The Parliament will only define that after September 4

Dutch cabinet collapsed: which plans will be put on hold?

Rutte val screenshot NOS
The Prime Minister Mark Rutte debating in Parliament about the cabinet's fall

The Minister of Education, Robbert Dijkgraaf, had all kinds of plans in the pipeline but the government’s demise could throw a spanner in the works for some or all of them. Universities and students have been arguing that some topics simply cannot wait. 

Binding study advice (BSA)
One of Dijkgraaf’s plans was to ease the pressure on students by relaxing the conditions for moving on to the second year of a Bachelor's programme. He proposed to demand 30 credits from students in the first year and another 30 credits the following year, instead of 60 in the first year.

Universities are hoping that the House of Representatives will declare this plan to be too controversial to be dealt with by a caretaker government because if this happens, the bill will not be voted on by the House. Instead, it will be shelved until the next national election. “We consider it a bad idea anyway”, says Ruben Puylaert, a spokesperson for the association of Dutch universities, Universities of the Netherlands (UNL).

Meanwhile, the National Student Association (ISO) is fervently hoping that it will go ahead. “This would really help reduce the pressure to perform that students are under,” declares ISO President Demi Janssen. She adds that there would be financial benefits to the relaxation because students would save money by not having to lose an academic year over strict BSA conditions. This view is shared by the Dutch Student Union, as confirmed by its president, Elisa Weehuizen. “These plans are definitely a step in the right direction but now there’s a chance they may be taken off the table, which would be a major blow.”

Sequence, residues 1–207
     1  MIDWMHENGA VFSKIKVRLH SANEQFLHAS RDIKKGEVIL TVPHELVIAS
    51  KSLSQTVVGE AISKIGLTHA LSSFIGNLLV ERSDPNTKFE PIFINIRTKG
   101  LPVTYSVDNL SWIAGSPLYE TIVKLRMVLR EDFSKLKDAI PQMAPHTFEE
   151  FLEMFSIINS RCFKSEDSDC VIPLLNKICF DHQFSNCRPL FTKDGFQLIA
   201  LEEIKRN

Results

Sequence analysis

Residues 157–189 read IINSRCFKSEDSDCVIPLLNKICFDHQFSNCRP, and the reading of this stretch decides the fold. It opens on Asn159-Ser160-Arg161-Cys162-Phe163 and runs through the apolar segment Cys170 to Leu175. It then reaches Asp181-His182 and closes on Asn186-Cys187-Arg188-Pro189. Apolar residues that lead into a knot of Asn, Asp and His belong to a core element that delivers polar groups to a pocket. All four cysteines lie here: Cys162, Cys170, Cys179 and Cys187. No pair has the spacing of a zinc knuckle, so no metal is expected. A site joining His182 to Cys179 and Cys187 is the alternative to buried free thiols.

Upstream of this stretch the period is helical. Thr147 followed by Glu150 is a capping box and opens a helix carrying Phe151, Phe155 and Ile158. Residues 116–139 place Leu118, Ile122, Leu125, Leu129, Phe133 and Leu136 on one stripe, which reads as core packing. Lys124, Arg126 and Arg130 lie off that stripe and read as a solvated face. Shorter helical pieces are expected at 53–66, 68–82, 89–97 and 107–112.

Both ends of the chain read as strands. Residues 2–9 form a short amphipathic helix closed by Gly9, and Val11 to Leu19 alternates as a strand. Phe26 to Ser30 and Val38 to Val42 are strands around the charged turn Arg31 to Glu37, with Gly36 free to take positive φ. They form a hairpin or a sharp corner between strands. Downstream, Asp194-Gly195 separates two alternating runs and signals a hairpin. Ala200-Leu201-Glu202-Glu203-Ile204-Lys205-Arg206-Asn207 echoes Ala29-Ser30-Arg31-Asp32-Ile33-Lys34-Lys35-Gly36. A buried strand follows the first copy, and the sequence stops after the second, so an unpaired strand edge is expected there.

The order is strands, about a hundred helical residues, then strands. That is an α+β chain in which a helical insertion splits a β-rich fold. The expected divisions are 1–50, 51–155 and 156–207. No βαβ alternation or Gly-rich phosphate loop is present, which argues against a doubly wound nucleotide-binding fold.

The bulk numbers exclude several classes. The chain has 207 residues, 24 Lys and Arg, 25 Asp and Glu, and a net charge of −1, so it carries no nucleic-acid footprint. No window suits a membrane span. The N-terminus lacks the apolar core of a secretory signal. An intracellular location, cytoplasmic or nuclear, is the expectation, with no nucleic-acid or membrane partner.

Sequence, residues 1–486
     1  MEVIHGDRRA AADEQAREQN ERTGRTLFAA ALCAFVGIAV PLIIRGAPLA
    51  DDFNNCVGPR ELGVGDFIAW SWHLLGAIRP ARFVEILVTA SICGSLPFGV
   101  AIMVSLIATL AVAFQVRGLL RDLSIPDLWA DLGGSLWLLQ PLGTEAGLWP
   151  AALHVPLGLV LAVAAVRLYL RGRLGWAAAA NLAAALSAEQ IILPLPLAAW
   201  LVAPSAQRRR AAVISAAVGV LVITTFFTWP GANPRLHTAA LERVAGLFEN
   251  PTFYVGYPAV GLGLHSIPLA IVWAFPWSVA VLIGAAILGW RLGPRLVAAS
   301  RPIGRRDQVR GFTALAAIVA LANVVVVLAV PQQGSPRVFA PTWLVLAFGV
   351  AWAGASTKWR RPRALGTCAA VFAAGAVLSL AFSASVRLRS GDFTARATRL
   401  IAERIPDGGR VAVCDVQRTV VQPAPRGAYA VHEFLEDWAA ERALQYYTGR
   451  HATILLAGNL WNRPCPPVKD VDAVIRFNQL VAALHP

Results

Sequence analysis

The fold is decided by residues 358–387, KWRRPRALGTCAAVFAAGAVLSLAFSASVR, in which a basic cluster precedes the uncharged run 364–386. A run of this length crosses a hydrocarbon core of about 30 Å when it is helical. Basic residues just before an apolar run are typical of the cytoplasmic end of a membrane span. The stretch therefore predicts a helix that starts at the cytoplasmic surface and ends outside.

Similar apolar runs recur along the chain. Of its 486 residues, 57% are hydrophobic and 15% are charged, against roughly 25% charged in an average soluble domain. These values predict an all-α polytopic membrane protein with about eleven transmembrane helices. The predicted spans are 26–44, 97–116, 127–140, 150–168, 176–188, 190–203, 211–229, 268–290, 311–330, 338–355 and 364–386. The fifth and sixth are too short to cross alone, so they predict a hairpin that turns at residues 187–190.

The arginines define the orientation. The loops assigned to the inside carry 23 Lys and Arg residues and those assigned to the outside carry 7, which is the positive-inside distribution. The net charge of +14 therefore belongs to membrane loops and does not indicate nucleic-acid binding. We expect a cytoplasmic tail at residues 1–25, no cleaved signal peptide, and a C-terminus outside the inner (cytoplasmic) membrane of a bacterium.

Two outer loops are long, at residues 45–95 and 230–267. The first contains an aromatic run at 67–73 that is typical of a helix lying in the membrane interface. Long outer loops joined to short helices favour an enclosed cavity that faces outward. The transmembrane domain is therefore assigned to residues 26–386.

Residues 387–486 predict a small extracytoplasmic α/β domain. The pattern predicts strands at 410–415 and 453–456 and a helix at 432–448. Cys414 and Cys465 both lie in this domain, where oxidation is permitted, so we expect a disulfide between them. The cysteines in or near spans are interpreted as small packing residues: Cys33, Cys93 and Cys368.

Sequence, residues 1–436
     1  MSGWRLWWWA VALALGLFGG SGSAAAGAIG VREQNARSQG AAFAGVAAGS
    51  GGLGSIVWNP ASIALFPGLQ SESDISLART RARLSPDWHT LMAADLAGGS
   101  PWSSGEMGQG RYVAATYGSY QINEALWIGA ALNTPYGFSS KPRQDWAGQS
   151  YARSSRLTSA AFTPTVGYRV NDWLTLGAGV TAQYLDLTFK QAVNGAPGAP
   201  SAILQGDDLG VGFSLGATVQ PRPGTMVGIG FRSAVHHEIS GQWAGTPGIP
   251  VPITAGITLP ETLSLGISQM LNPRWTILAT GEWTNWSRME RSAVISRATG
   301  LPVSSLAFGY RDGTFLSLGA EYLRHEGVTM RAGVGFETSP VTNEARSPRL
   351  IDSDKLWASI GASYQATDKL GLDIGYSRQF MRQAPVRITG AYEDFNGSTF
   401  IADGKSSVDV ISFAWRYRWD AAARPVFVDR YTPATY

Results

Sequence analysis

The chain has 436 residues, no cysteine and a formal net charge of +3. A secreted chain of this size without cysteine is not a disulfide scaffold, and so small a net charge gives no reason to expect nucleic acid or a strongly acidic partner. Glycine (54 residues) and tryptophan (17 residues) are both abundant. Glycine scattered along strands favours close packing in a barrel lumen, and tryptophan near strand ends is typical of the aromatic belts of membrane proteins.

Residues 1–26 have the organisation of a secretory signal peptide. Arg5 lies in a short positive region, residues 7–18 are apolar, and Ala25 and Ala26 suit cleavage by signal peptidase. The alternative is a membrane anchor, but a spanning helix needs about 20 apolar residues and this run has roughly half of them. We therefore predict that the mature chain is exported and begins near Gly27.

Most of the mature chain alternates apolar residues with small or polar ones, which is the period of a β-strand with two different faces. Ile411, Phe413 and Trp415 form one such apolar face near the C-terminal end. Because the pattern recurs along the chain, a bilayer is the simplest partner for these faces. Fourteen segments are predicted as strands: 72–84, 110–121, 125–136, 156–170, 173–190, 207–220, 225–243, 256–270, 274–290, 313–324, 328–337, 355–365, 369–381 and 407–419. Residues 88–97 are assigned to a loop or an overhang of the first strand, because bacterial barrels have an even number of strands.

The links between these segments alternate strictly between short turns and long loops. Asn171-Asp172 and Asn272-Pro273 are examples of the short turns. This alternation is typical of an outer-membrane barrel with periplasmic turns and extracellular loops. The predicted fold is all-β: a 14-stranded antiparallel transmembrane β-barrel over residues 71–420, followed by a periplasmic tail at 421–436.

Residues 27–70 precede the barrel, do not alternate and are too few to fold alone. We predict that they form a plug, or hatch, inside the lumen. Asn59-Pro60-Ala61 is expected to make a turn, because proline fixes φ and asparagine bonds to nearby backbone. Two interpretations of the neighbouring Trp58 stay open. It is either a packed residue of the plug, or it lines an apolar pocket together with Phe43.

VVD, the main party in the coalition, is critical of the idea, so no one knew if Dijkgraaf would even manage to have his proposal pass through the House unscathed. Now, it is likely that this topic will be deemed too "controversial" and shelved for the time being.

For years, Dutch universities have been asking for more tools to control the influx of foreign students, like restricting the number of spots for English-taught tracks or having an emergency brake mechanism to keep a given programme from receiving too many students from outside the European Union.

Puylaert, from UNL, explains: “The earliest these tools could be introduced is the academic year 2025-26. We hope that the House of Representatives will want to get this sorted out. Otherwise, it will be delayed for another year.”

Students would also like the House to keep the issue on the agenda. “Lecture halls are overcrowded, the workload is high... We need to be able to manage the influx better,” says the ISO President. “Once that’s sorted, we will be able to start looking at the needs of specific institutions and regions.” The Dutch Student Union agrees.  “We hope this issue will not be deemed controversial,” adds Weehuizen. “Municipalities and institutions are running out of resources. The conversation about internationalisation is difficult enough as it is, so we shouldn’t put it off any longer.”